With the recent release of the The Dark Knight Rises, I want to take another look at Nolan’s second Batman film. The Dark Knight, like many superhero movies, follows the generic conventions of the Western. As Robert Warshow says in his article, “Movie Chronicle: The Westerner,” Western plots are mostly about preserving the law on a frontier town. The Western hero is on the side of law and order, but he frequently has to resort to violence and even killing to protect order. This complicates his hero image and makes him morally ambiguous—much like Batman. The Western genre, which once comprised a major part of Hollywood’s film output, is now barely produced. Perhaps the Western is not gone, but instead reimagined in super hero films.
The Dark Knight strikingly parallels John Ford’s 1961 Western, The Man who Shot Liberty Valence. Following the typical Western plot line, Liberty Valance explores chaos versus order in the frontier. Ransom Stoddard—the equivalent of Harvey Dent’s character—is an Eastern lawyer hoping to bring order to the small Western town of Shinbone. When Stoddard first arrives, he encounters the notorious outlaw, Liberty Valance (the equivalent of the Joker), who teaches him “Western law.” Tom Doniphon (Batman) represents the quintessential Western hero, hoping to preserve order and oppose the chaos that Valance’s “Western law” represents.
Stoddard fiercely opposes Doniphon’s reliance on violence to deal with the threat of the outlaw. However, a final showdown between Valance and Stoddard forces Stoddard to draw his gun and fight back. Initially, it appears that Stoddard kills Valance and is thus a hero. However, Doniphon reveals that he—whilst hidden in the shadows—killed Valance in order to save Stoddard, who cannot shoot a gun. Yet, Doniphon gives Stoddard credit for killing Valance, which allows Stoddard to become a senator in the United States government and bring statehood to the old West.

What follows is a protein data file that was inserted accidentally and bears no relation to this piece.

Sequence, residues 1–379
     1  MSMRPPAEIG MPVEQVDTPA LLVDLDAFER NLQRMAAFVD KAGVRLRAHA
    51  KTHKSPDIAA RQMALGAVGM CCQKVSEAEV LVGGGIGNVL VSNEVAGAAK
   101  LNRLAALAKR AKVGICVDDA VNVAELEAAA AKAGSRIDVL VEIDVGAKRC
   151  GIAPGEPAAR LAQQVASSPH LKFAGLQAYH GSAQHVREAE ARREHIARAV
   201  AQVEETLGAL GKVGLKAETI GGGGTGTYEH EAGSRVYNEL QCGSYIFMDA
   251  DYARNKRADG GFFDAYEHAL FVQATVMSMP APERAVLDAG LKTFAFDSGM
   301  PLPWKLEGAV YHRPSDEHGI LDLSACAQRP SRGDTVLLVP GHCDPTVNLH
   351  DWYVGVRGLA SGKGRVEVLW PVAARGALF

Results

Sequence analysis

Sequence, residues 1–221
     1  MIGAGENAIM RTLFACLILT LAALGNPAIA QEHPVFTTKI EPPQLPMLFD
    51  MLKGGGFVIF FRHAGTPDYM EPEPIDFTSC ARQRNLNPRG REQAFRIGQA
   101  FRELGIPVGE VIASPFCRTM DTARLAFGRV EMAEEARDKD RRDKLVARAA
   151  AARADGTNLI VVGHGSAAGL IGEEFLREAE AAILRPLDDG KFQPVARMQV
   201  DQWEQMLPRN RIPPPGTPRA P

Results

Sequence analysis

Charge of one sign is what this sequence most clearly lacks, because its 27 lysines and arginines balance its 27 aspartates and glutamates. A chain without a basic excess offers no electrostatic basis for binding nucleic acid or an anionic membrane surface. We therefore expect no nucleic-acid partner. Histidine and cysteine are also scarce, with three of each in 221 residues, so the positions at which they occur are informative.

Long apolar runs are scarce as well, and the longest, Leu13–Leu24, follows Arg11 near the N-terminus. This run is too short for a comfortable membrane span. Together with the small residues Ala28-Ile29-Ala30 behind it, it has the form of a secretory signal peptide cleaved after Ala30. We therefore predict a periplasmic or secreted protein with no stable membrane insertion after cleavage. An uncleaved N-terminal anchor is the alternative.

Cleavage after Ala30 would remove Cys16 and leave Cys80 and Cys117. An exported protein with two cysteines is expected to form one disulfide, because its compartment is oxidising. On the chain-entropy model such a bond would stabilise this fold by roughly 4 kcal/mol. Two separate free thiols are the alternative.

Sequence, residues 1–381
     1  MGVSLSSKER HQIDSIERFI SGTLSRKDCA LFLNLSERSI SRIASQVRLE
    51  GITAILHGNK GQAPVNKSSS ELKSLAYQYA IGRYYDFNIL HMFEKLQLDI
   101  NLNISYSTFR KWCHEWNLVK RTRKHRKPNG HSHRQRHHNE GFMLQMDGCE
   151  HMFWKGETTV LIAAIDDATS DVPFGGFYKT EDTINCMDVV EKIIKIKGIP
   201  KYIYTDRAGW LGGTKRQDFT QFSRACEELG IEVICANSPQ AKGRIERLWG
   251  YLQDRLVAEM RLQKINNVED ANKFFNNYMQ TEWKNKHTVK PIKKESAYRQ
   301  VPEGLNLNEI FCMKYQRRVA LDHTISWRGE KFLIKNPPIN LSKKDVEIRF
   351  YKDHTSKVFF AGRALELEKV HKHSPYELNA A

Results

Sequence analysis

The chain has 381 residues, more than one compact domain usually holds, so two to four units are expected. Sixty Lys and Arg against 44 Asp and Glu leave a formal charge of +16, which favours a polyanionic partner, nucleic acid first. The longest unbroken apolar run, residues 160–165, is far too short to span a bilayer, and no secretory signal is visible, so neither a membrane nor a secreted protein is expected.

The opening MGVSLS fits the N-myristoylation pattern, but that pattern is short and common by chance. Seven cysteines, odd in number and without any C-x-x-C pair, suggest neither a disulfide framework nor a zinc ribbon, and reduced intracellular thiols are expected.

While Stoddard assumes the role of hero at the state convention, Doniphon leaves and ultimately fades away in Shinbone’s history. It is important to see here that Stoddard did not kill Liberty Valance, because if he did, his role as a hero would be tainted by violence. Stoddard is able to retain his moral code, and assume the persona of a powerful leader because the people of Shinbone believe Stoddard defeated Valance. The Hero is no longer needed now that Valance’s threat has been neutralized and the people of Shinbone have a law abiding leader in Stoddard. In fact, after Valance’s death, Doniphon stopped carrying the gun that is so essential to the Western hero’s image.
This basic plot mirrors Gotham’s own struggle between the powerful villains and law and order. The new DA, Harvey Dent, hopes to clean up the streets of Gotham by using the law to incarcerate the criminals that have come to overrule the city. While Batman is somewhat glorified at the beginning of the film—“the criminals are running scared”—his actions are constantly called into question. Batman finds the laws that he strives to protect restrictive and often violates them. He violates extradition laws, kidnapping the criminals’ accountant. He tortures the Joker in the name of order. Just as Stoddard questions Doniphon’s approach, Dent also opposes Batman’s vigilante tactics. Batman, though fighting to protect Gotham, is positioned against the law, so the people of Gotham begin to wonder if Batman is actually adding to the chaos.
Other vigilantes masquerading as Batman ask him, “What gives you the right? What is the difference between you and me?” The difference is that Batman fights because he must. The Western hero’s very existence is tied to disorder. Even in the face of defeat, the Joker cackled that he and Batman were destined to “do this forever.” Whether it’s with the Joker or another criminal, Batman will always fight for order because it defines him. Once the anarchic threat that the Joker represents is eliminated, Batman becomes an irrelevant character. Batman is forced to leave behind his superhero identity; he can no longer wear his bat suit—just as Doniphon can no longer carry his gun.
At the end of both Liberty Valence and The Dark Knight, we discover that Doniphon and Batman respectively save their civilization from the threat of savagery and chaos. These two characters understand the importance of order and choose to defer their own heroism to protect the image of the law through both Stoddard and Dent. While the Westerner and the superhero are exciting, they are not stories of purity or even stability. Batman claims that “the truth is not good enough, sometimes people deserve more.” This quote mirrors the famous quote from Liberty Valance: “When the legend becomes fact, print the legend.” These two heroes cannot take credit for their victory. It is violence, chaos, and the fact that they work outside the law that vilifies Batman and Doniphon. The Western hero cannot be reintegrated into society because of his use of violence and his moral ambiguity. Neither Batman nor Doniphon can be a leading figure in the rebuilding of order in the aftermath of the chaos they participated in. Traditionally, the end of the Western marks the Westerner riding off alone. Just as Doniphon leaves Stoddard to accept the glory, Batman too must flee into the darkness because his transgressions are too much for society to bear.